Hollywood, CA…First things first: The Martian is a pretty good movie. Like all good films, however, it comes with a catch. In this case, if you don’t like Matt Damon, you will probably not like this film, as it is two hours of Mr. Damon. That said, he delivers an extraordinary performance, filled with surprising amounts of humor, and an-all star cast carries the rest of the film, which stands on its own as a solid drama, and one that audiences will enjoy even if they haven’t read the book.
The Martian, based on author Andy Weir’s self-published 2011 book of the same name (which has, not surprisingly, experienced a recent surge in popularity due to both the film and a 2014 re-release by Amazon), concerns a manned mission to Mars called Ares III. While the timeline of the film goes unnamed, it’s the near future—Next Sunday A.D. as Mystery Science Theater 3000 aptly put it—and NASA, far from being the underfunded organization that is today, is now a bright monument to space travel.
The story opens with the Ares III crew already on Mars, taking samples of the soil. But when a massive dust storm forces them to scrub the mission months before their intended departure, botanist Mark Watney is struck by debris and presumed dead, and the crew departs in the Mars Ascent Vehicle (MAV) without him to begin their long trip home.
But, surely to no one’s great surprise (Watney himself even lampshades this in one scene), Watney lives, though to the film’s credit, it ratchets the drama up enough to make the audience wonder about his initial survival. Now stranded on a hostile alien world, he must survive until he can be rescued. What follows is a series of twists and turns as Watney struggles to contend with problem after problem. Meanwhile, back on Earth, the scientists and mathematicians at NASA must figure out how to communicate with him and eventually—as the film’s tagline states—bring him home.
When it comes to tone, The Martian has most in common with films like Cast Away or last year’s Gravity. Robinson Crusoe updated for the age of space, the modern version of the classic man versus nature tale—only this time, the planet itself will kill our hero without a second thought. From Cast Away comes the battle for survival, and from Gravity comes the sense of looming disaster: the knowledge that at some point, something will go horribly wrong.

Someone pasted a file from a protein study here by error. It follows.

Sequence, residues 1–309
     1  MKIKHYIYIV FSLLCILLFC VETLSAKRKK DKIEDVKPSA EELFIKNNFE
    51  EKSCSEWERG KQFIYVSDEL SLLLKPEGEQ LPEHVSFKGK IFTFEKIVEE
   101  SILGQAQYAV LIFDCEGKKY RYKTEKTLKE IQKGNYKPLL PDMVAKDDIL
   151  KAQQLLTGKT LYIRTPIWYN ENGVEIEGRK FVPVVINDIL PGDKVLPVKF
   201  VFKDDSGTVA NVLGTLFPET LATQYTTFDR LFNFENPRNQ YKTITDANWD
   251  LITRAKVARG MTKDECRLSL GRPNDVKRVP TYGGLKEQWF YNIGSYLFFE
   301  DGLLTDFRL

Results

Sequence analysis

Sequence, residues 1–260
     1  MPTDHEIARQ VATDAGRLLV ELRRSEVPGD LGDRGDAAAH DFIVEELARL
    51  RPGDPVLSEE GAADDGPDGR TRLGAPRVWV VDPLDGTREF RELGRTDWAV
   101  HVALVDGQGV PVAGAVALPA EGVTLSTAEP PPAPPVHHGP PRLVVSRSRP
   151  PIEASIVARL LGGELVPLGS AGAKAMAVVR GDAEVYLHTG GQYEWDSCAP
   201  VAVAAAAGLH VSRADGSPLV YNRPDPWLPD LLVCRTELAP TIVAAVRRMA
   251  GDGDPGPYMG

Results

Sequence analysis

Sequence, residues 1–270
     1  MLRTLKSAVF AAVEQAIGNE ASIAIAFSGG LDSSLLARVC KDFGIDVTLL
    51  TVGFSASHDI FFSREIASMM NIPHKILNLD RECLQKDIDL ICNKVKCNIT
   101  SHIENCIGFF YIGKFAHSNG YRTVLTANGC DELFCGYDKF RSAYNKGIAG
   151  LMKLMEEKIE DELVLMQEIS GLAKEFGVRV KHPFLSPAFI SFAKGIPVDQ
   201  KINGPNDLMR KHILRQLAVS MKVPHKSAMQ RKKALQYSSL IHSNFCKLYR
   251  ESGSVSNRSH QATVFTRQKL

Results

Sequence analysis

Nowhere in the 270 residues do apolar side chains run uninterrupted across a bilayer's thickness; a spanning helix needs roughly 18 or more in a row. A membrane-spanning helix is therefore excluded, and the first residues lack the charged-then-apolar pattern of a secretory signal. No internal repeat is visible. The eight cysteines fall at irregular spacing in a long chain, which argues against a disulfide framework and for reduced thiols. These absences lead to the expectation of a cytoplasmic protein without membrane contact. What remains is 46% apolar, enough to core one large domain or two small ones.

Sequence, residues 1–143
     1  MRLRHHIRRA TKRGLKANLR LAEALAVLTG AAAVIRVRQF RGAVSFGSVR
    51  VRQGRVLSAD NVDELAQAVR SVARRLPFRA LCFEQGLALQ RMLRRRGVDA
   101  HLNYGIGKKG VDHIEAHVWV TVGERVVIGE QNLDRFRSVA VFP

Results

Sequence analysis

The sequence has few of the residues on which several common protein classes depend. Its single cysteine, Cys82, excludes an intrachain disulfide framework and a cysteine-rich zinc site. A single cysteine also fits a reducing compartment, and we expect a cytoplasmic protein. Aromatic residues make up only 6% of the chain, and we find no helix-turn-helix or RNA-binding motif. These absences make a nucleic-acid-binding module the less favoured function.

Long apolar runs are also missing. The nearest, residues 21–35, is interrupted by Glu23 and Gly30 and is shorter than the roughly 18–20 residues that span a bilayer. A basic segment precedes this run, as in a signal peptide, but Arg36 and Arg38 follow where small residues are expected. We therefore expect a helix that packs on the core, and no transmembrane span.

Director Ridley Scott, best known for classics like Blade Runner, Alien, and Gladiator, has also drawn inspiration from the 2009 Sam Rockwell sleeper hit MOON and Christopher Nolan’s Interstellar, with Damon’s one-man performance mimicking the former and some of the visuals borrowed from the latter. The difference, however, comes in the details.
While both MOON and Interstellar dealt with more esoteric scientific concepts like wormholes, time dilation, and more, The Martian remains strictly in the realms of possibility, with spacesuits, ships, and rovers that—while they could have lifted from a dozen sci-fi videogames of the past decade (the suits in particular evoke the Mass Effect series)—all look like things that could exist in the next decade or so. And while Interstellar concerned itself with the last gasp of space travel as the means to save a dying world, The Martian is the exact opposite: it glorifies astronauts and encourages the advance of science.
To that end, the cast is largely comprised not only of the astronauts themselves, but also the members of NASA and the Jet Propulsion Laboratory, or JPL. The ensemble cast includes Jeff Daniels as the director of NASA, who plays his role with sly humor and drama, Kristen Wiig in a surprisingly serious role as the organization’s media director—which she takes to with real heart, although her character lacks much to do—and Sean Bean as the Ares III mission director, whose role, while minor, is played with gravitas by the veteran actor.